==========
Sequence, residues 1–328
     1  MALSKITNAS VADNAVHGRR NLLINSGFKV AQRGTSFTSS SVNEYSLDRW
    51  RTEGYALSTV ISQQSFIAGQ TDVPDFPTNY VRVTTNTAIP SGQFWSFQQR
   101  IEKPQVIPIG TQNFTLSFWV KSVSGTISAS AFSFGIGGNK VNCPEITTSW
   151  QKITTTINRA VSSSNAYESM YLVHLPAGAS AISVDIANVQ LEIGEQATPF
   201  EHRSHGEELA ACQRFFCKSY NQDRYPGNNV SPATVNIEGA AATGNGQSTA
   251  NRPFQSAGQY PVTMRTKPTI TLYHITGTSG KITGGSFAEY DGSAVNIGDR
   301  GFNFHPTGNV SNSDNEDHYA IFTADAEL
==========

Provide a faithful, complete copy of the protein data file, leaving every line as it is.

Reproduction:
Sequence, residues 1–328
     1  MALSKITNAS VADNAVHGRR NLLINSGFKV AQRGTSFTSS SVNEYSLDRW
    51  RTEGYALSTV ISQQSFIAGQ TDVPDFPTNY VRVTTNTAIP SGQFWSFQQR
   101  IEKPQVIPIG TQNFTLSFWV KSVSGTISAS AFSFGIGGNK VNCPEITTSW
   151  QKITTTINRA VSSSNAYESM YLVHLPAGAS AISVDIANVQ LEIGEQATPF
   201  EHRSHGEELA ACQRFFCKSY NQDRYPGNNV SPATVNIEGA AATGNGQSTA
   251  NRPFQSAGQY PVTMRTKPTI TLYHITGTSG KITGGSFAEY DGSAVNIGDR
   301  GFNFHPTGNV SNSDNEDHYA IFTADAEL